Afallach – the Apple King

I. Afallach and the Island of Apples

Afallach, a Brythonic god whose name is derived from afal ‘apple’, is best known for his associations with Ynys Afallach ‘The Island of Apples’ or the Isle of Avalon. In his Speculum Ecclesiae (1216) Giraldus Cambrensis says: ‘Avallonia is so called either from the British aval which means apple, because that place abounded with apples, or from a certain (A)vallo, lord of that land’.

Giraldus identifies the Isle of Avalon with Glastonbury, in De Instructione Principium (1193 -9): ‘what is now called Glastonia was anciently called Insula Avallonia, for it is like an island, wholly surrounded by marshes, whence it is called in British Inis Avallon, that is the apple-bearing island.’

William of Mamlesbury, in The Antiquities of Glastonbury (1216), follows this tradition. Glastonbury ‘is also well known as by the name of Insula Avalloniae’. He says it may be ‘named after a certain Avalloc who is said to have lived there with his daughters on account of it being a solitary place. (1)

Ynys Afallach is described as a paradisal island by Geoffrey of Monmouth in his Vita Merlini (1150). ‘The island of apples which men call “The Fortunate Isle” gets its name from the fact that it produces all things of itself; the fields there have no need of the ploughs of the farmers and all cultivation is lacking except what nature provides. Of its own accord it produces grain and grapes, and apple trees grow in its woods from the close-clipped grass. The ground of its own accord produces everything instead of merely grass, and people live there a hundred years or more.’

Geoffrey names the nine daughters of Afallach as Morgen, ‘Moronoe, Mazoe, Gliten, Glitonea, Gliton, Tyronoe, Thitis; Thitis best known for her cither.’ He notes Morgen ‘is first of them’, ‘skilled in the healing art, and excels her sisters in the beauty of her person’. She knows the properties of herbs, is skilled in healing, and mathematics and has the ability to shift shape.

Giraldus Cambrensis, in De Instructione Principium (1193), also writes of,‘Morganis, a noble matron who was the ruler and patron of these parts… the island which is now called Glastonia.”

II. Afallach – King of Annwn

It is significant that Morgan is referred to as a ‘noble matron’ for in the Triads she is otherwise named as ‘Modron daughter of Afallach’. Modron is a later form of Matrona ‘Mother’. The Mothers or Matrons were worshipped across northwestern Europe during the Romano-British period.

In Peniarth MS. 70 Modron speaks of herself as ‘the daughter of the King of Annwn’. Annwn means ‘the Deep’ and is the medieval Welsh name for the Otherworld which is a paradisal location.

In The Life of St Collen (14th C) we find an account of Collen’s visit to the castle of Gwyn ap Nudd, a King of Annwn, on Glastonbury Tor:

‘he saw the fairest castle he had ever beheld, and around it the best appointed troops, and numbers of minstrels, and every kind of music of voice and string, and steeds with youths upon them the comeliest in the world, and maidens of elegant aspect, sprightly, light of foot, of graceful apparel, and in the bloom of youth and every magnificence becoming the court of a puissant sovereign. And he beheld a courteous man on the top of the castle, who bade him enter, saying that the king was waiting for him to come to meat. And Collen went into the castle, and when he came there, the king was sitting in a golden chair. And he welcomed Collen honourably and desired him to eat, assuring him that, besides what he saw, he should have the most luxurious of every dainty and delicacy that the mind could desire, and should be supplied with every drink and liquor that his heart could wish; and that there should be in readiness for him every luxury of courtesy and service, of banquet and of honourable entertainment, of rank and of presents: and every respect and welcome due to a man of his wisdom.’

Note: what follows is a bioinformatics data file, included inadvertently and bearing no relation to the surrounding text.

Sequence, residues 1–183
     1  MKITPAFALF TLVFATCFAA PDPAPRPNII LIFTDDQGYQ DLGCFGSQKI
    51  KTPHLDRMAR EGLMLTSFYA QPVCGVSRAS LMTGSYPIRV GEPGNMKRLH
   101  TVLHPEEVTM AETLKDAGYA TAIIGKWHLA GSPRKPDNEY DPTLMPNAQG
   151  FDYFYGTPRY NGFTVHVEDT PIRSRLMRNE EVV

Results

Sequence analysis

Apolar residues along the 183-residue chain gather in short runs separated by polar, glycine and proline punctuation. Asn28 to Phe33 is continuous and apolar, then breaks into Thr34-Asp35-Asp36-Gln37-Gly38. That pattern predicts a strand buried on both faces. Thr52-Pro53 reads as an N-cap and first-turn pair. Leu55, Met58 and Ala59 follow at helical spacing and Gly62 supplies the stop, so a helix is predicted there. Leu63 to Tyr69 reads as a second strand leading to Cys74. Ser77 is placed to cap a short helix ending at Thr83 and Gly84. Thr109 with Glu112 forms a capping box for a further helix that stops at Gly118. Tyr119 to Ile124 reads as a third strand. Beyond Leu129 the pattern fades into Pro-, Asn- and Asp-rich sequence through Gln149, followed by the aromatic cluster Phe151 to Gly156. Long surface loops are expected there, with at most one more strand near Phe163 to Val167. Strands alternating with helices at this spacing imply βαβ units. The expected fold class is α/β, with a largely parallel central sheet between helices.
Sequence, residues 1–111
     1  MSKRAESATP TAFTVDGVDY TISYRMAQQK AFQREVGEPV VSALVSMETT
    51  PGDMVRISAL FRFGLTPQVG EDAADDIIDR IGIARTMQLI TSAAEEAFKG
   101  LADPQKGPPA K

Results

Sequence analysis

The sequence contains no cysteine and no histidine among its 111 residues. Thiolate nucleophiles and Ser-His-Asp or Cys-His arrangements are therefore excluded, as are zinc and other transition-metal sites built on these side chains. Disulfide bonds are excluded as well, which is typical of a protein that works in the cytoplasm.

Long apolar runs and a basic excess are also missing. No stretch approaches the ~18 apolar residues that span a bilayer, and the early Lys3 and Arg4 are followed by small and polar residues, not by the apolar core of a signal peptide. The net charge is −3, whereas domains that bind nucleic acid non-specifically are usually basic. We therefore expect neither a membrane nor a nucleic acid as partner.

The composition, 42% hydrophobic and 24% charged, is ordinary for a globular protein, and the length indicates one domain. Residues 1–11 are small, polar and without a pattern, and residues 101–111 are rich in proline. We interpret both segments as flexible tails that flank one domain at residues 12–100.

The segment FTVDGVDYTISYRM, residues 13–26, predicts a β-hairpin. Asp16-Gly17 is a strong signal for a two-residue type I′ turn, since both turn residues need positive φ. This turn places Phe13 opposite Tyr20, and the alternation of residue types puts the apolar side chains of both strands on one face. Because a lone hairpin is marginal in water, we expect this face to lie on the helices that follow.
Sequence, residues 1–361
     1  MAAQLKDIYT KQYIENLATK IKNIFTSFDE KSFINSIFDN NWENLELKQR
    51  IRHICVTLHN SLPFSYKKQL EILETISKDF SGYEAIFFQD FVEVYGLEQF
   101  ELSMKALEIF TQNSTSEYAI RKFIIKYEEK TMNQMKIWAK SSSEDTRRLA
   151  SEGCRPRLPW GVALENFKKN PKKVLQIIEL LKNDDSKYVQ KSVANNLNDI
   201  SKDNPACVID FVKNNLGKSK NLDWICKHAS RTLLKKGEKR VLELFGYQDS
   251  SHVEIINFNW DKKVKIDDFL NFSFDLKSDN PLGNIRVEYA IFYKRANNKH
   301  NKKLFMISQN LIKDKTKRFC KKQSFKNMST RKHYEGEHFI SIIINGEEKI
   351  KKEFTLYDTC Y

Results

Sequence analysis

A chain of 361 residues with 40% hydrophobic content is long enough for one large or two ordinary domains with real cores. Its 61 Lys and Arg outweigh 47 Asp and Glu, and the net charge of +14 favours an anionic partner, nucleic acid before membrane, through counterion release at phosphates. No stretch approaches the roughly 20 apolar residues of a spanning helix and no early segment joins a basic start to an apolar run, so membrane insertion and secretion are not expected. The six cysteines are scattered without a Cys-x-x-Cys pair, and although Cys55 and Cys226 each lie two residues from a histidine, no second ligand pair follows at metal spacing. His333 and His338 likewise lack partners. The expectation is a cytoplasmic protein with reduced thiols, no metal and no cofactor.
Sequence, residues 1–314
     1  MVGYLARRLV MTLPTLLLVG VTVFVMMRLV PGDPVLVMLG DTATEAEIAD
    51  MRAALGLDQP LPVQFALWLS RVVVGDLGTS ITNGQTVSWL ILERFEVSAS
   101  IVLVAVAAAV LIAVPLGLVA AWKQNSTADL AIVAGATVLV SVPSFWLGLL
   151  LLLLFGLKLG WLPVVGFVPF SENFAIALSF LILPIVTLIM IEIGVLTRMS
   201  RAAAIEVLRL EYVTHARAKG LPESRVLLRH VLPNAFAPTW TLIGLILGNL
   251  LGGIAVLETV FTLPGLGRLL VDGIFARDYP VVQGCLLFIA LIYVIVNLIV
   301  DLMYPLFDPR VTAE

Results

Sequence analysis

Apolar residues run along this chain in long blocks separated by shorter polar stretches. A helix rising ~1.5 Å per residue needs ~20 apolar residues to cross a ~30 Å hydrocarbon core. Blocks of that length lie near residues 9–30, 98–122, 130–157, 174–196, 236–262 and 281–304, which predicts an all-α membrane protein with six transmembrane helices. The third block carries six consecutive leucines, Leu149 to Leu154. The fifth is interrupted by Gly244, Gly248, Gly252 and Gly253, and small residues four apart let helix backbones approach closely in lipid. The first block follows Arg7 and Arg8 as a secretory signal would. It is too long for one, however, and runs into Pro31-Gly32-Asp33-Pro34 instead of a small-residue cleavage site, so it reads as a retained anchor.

It seems likely Gwyn and Afallach are the same deity. Both are named as King of Annwn and are associated with Glastonbury/the Island of Avalon. Afallach is named as the grandson of Beli Mawr in the Harleian Genealogies (1100) and we find out that Gwyn is the grandson of Beli Mawr from Lludd ac Llefelys (1225) where his father, Lludd/Nudd, is named as the son of Beli.

Further traces of his mythos can be found in ‘Preideu Annwn’ where Pen Annwn, ‘the Head of the Otherworld’ is depicted presiding over an otherworldly mead feast and as the owner of countless treasures including a cauldron ‘kindled by the breath of nine maidens’ with ‘a dark trim and pearls’.

Its refusal to ‘boil a coward’s food’ suggests that it is connected with the initiation of bards such as ‘the loyal lad’, Gwair who, in the poem, is singing before the spoils of Annwn in a heavy grey chain.

III. Afallach and Modron in the Old North

In the Triads and Peniarth MS. 70 Afallach’s daughter, Modron, is the mother of the children of Urien. In Triad 70 the second of the ‘Three Fair Womb Burdens’ is the following: ‘Owain, son of Urien and Morfudd his sister who were carried together in the womb of Modron daughter of Afallach’.

In Peniarth MS. 70 we find the full story of the conception of Modron’s children: